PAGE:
The trials of artificial tears are limited by their small size and by the use of only a few selected agents. Additionally, it is unclear which of the many available preparations provides the greatest improvement and which ingredients or formulations are most effective in improving subjective and objective outcomes that are clinically important [20,35].
Artificial tear formulation — Artificial tears and lubricants are generally available without a prescription and may be in the form of liquid eyedrops, gels, or ointments. Gels and ointments often blur vision during use and are usually not required in patients with mild disease. However, they may be particularly useful when applied in the evening before sleep. (See "Treatment of moderate to severe dry eye in Sjögren’s disease", section on 'Lubricant ointments'.)
Typically, the major components of artificial tears include:
●A form of cellulose (eg, hypromellose or carboxymethylcellulose), which is a major component of many artificial tear products, beneficial for replacement of the aqueous layer, and helps maintain viscosity.
●Preparations containing high concentrations of sodium hyaluronate are an alternative to carboxymethylcellulose in artificial tear products marketed in Japan, Europe, Russia, Australia, and parts of Asia, but not the United States . This naturally occurring high-molecular weight glycosaminoglycan binds water molecules and is viscoelastic, thereby improving ocular surface hydration and reducing surface friction. In the United States, there are a few topical preparations that contain low levels of sodium hyaluronate as an excipient rather than as an active ingredient .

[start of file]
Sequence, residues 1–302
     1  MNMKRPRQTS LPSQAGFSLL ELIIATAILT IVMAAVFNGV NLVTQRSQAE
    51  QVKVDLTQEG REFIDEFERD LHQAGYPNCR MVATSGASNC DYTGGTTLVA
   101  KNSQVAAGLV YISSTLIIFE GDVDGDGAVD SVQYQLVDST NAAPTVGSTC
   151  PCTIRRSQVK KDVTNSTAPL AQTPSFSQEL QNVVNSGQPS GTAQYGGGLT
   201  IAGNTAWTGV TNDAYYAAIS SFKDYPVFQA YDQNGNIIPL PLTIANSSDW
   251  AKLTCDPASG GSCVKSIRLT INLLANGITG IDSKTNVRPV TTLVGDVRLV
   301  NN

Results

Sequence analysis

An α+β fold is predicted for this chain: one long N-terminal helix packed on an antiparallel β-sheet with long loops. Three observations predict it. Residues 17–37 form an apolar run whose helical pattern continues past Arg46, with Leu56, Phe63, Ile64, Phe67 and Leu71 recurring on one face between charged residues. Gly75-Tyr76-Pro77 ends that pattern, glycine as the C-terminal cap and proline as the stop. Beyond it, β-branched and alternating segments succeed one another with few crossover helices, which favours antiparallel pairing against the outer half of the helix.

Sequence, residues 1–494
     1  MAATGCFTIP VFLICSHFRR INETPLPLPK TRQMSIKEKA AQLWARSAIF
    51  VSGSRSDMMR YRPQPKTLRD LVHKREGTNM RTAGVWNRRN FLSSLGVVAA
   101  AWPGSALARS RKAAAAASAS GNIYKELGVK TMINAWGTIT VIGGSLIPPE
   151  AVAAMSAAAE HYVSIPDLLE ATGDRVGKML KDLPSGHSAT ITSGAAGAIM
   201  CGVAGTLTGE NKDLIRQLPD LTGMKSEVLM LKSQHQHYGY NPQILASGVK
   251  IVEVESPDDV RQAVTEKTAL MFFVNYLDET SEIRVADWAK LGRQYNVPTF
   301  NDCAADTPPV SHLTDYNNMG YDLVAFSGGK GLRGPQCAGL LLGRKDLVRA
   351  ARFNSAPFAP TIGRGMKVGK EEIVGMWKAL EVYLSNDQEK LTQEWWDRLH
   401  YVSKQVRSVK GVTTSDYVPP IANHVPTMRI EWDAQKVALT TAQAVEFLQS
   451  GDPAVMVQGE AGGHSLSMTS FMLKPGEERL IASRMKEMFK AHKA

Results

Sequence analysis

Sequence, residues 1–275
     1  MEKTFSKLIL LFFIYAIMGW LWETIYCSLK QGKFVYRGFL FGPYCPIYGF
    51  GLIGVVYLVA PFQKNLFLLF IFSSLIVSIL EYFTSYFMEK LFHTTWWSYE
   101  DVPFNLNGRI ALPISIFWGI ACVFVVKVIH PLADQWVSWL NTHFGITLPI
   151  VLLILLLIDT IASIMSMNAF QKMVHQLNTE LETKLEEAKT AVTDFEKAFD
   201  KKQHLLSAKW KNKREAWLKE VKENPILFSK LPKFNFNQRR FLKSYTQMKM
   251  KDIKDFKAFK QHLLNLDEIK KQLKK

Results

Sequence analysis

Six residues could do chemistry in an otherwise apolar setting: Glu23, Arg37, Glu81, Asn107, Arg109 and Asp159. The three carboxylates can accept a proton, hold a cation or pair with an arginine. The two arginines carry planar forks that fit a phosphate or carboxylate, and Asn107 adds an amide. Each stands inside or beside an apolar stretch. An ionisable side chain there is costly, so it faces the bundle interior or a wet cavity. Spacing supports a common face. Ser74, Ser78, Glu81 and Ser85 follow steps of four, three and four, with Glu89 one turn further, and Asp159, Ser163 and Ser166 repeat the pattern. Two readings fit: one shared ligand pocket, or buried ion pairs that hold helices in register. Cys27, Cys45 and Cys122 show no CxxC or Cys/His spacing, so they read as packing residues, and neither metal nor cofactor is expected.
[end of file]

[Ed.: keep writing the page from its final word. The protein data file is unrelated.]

●Spreading agents (eg, polyvinyl alcohol, polyethylene glycol, dextran), which are contained in many drops and which help the aqueous layer to spread over the hydrophobic corneal and conjunctival epithelium and to prevent evaporation.
●Mucolytic agents (eg, acetylcysteine), which are useful in more severely affected patients when there is an overproduction of mucus that accumulates as filaments in the eye. However, an objectionable smell may limit use of these agents.
●Preservatives (eg, benzalkonium, thimerosal, chlorobutanol, chlorhexidine, polysorbate 80), which prevent bacterial contamination and which prolong shelf life. However, these may lead to local irritation and worsening of ocular surface findings. Benzalkonium is the preservative most commonly in use today, but is also the one most likely to aggravate dry eye disease through various toxic effects on the ocular surface, particularly on goblet cells . Thus, the long-term and/or frequent use of tear supplements containing benzalkonium should be avoided.